Accepting the reality of a difficult situation allows us to soften. This softening opens the door to our own compassion and wisdom; and we all know that over the holidays, we’re going to need those things.

2. Let go of expectations while turning your attention to what you appreciate

Some people (myself included) suffer from what I think of as an abundance paradox: Because we have so much, it becomes easy to take our good fortune for granted. As a result, we’re more likely to feel disappointed when we don’t get what we want than to feel grateful when we do.

This tendency can be especially pronounced during the holidays, when we tend to have high hopes that everything will be perfect and wonderful and memorable. You might have a fantasy of a sweet, close relationship with an in-law, for instance, or grand ideas about the perfect Christmas Eve dinner.

This sort of hope, as my dear friend Susie Rinehart has reminded me, can be a slippery slope to unhappiness.

Hoping a holiday event will be the best-ever can quickly become a feeling that we won’t be happy unless it is, leading to sadness and disappointment when reality doesn’t live up to our ideal.

Unfortunately, the reality of the holidays is unlikely to ever outdo our fantasies of how great everything could be. So the trick is to ditch our expectations and instead notice what’s actually happening in the moment. And then find something about that moment to appreciate.

Can you appreciate that your spouse did a lot of planning (or dishes or shopping) this week? Do you feel grateful that you have enough food for your holiday table? Are you thankful for your health (or if your health is not great, that you’re still here)?

It’s enough to notice and appreciate the small things, but when I’m having trouble with this, I like to practice an extreme form of gratitude that involves contemplating how fleeting our lives may be.

There’s nothing like facing death to make us appreciate our lives — and sure enough, research finds that when people visualize their own death in detail, their gratitude increases.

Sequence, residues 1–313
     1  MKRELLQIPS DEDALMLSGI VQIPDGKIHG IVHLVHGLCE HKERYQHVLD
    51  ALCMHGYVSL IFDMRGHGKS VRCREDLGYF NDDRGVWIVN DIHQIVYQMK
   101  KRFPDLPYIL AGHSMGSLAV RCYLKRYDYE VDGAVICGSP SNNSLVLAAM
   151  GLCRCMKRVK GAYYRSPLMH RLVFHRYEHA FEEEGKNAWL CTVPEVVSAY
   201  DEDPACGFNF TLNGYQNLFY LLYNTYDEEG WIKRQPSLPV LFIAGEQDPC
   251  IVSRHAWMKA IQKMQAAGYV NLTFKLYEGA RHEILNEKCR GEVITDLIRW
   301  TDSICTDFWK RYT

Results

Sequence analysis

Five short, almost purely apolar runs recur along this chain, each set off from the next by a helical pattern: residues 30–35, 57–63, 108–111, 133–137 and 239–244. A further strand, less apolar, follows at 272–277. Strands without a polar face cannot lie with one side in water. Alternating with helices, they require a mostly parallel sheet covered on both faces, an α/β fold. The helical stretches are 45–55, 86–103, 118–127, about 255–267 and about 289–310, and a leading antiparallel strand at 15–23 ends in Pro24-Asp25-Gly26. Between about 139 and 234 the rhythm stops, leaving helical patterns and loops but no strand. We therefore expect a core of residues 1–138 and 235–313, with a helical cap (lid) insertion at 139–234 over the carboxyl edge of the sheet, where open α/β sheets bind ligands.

If you feel stuck on what isn’t going well rather than what is, set aside some time to reflect on the following questions. Take each question one at a time, and try journaling an answer to each before moving on to the next one.

  • What would I do if this were the last holiday season I had left to live? What would I do the same, and what would I do differently?
  • What would I do if this were the last holiday season that my spouse, parents, or children had left to live? What would I do the same, and what would I do differently?

It’s a little heavy, I know, but contemplating death does tend to put things in perspective.

As the holidays approach, we will likely feel stressed and exhausted, but we need not feel like victims to this time of year.

We often have a great deal of choice about what we do and how we feel. We can choose to bring acceptance to difficult situations and emotions, and we can choose to turn our attention to the things that we appreciate.

This holiday season, may we all see abundance when it is all around us — not an abundance of stuff, necessarily, but rather an abundance of love and connection. Even during the difficult bits.

This article originally appeared on Greater Good, the online magazine of the Greater Good Science Center at UC Berkeley.


Christine Carter, PhD is a senior fellow at the Greater Good Science Center. She’s the author of “The Sweet Spot: How to Accomplish More by Doing Less” and “Raising Happiness: 10 Simple Steps for More Joyful Kids and Happier Parents.” Find out more about Christine here.